After getting my vehicles situated, I performed a check of them to make sure they were in working order. To my surprise I noticed the limo was sagging to one side. “What the F,” I uttered as I examined the right rear wheel. Something was very wrong. It looked like an axel was broken. It was 1am and I had to call a mechanic. Oh, and the first movement of the next day was at 8am—giving me 7 hours to “fix” the problem. When was I going to sleep you ask? Not until the problem was fixed.
The mechanic arrived sometime around 2am. His diagnosis—the axel was busted and wasn’t fixable here. The vehicle needed to be towed to a shop. This meant I didn’t have a Limo. I was screwed. I called the Lead Agent with the news. His response went something like this—“Chris, you’re resourceful and competent so do what ever you need to do to make sure there is a limo waiting for us when we leave in the morning. Good luck.”
So what did I do?
First I had the limo towed away. Then, I called our motor pool folks to see what was available. Unfortunately, the pickings were slim —a couple Towne Cars, a few lightly armored Suburbans, but nothing adequate for a HIGH THREAT LEVEL detail. I then called over to the logistics folks.
I asked the guy who answered, “Which countries, if any, are leaving tomorrow?”
His response, “Micronesia, Sri Lanka, Mozambique and Canada.”
“Canada?” I said. “They have an armored limo, right?”
”What hotel are they staying at?” I asked.
Turned out, the Candian delegation was staying at a hotel not far away. I grabbed one of my drivers, who happened to be an agent on the Vice President’s details, and had him drive me to the motor pool—located in Brooklyn. I then signed out a Suburban and drove it to where the Canada detail was staying. I then “stole” their limo, at least that’s what I tell people. It actually took some serious negotiating (and the promise to buy several rounds of drinks) with the Lead Agent in charge of the Candian detail to get him to “give-up” his limo for the Suburban I brought.
I then drove my “new” limo back to the Intercontinental Hotel and parked it with the rest of my motorcade. It was 4am.
I got one hour of sleep that night.
Our first movement the next morning was to the United Nations, that thankfully went off without a hitch.
As a HIGH LEVEL detail we got to park our cars in the ellipse in front of the building. We were told we would be there for at least 3 hours.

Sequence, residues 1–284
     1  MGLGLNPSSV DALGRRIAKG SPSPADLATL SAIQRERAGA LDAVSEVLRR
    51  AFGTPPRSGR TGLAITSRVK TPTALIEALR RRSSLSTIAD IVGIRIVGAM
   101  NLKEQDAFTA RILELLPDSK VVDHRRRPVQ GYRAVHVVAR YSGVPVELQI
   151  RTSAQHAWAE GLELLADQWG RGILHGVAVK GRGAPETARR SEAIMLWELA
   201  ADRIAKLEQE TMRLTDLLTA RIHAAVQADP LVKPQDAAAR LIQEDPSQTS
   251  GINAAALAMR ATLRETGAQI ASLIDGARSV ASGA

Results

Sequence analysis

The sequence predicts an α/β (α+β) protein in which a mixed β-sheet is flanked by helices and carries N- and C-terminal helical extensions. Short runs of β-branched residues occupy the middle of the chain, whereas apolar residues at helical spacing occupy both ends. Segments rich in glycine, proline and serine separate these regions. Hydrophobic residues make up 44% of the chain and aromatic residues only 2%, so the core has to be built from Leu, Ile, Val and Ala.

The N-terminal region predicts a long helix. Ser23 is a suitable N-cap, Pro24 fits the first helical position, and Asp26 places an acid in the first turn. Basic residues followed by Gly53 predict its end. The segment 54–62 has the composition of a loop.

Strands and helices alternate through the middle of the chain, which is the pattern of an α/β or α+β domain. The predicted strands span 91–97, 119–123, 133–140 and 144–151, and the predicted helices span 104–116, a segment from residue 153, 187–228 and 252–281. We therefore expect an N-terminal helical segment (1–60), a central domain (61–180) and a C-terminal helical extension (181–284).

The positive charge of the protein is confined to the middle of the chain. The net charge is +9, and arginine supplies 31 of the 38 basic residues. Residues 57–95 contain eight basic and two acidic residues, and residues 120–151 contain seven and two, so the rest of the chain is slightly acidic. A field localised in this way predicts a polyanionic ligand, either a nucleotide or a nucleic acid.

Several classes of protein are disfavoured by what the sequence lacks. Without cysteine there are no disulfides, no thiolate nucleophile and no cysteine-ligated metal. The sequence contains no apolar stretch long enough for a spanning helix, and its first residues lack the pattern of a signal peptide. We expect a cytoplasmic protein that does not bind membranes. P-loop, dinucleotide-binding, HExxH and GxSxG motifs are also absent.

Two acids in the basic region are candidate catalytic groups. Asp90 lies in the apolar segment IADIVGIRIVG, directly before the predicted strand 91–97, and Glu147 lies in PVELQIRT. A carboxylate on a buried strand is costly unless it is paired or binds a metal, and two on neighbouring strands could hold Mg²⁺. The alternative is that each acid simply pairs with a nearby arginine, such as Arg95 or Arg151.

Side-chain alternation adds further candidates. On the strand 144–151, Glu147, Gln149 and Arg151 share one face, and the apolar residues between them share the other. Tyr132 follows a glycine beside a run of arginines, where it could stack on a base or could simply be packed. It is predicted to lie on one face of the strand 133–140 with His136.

Hearing that, my counterparts (NYPD Highway) left their vehicles to head over to the Canteen to get coffee and something to eat. (I asked them to keep one man behind—just in case—but my request was ignored. It’s the NYPD after all, and it’s their city, and as most federal agents will tell you, the NYPD doesn’t necessarily take instructions from the Feds. That’s just a fact.)
30 minutes after we arrived the Detail Leader called out over the radio. “Bring the motorcade up. We’re coming out.”
Bring the motorcade up??? Holy Shit. Did he just say “bring the motorcade up??” Two seconds later my fears were confirmed when the Detail Leader said. “Bring it up now! We are headed back to the hotel.”
My NYPD Highway counterparts (the ones driving the car I was manifested in) and all of the motorcycles we were counting on to help with controlling the traffic, were nowhere to be found. Thankfully, the NYPD intel guys had hung around and they waved me over. “Chris, jump in with us!” They yelled. “You can use our car as the lead vehicle.”
There was a look on the Detail Leader’s face when I pulled up in the unmarked NYPD Intel car, that said “Where the hell is the rest of the motorcade? Thankfully though, I had the most imporant part of the motorcade in tow —the secure package part.
As everyone loaded up and the cars started rolling, I dreaded what I had to say next, “Be advised,” I said as I spoke into my radio. “We will not have NYPD assets for this movement and will not have any intersection control.”
“Roger,” came the reply. “Just get us back safely.”
Thankfully, it was a short ride back to the hotel. The NYPD assets caught up after we arrived and the conversation I had with them was not pleasant. Through the grace of God, nothing happened, but I made sure nothing like that ever happened again—not while this detail was still operational.
This was a “great” start to the visit.
There were a couple more interesting things that happened during the following week—including a large group of protestors trying to stop the motorcade—but other than that, the rest of the visit went smoothly.
My experience during those couple months is something Secret Service agents deal with all the time. Being an agent is a grueling, stressful and —most of the time—a thankless job. Hopefully though, you gained a little insight into the hard work performed by the agents of the Secret Service and I hope the next time you see one of them you are compelled to say, “Thank you for your service.”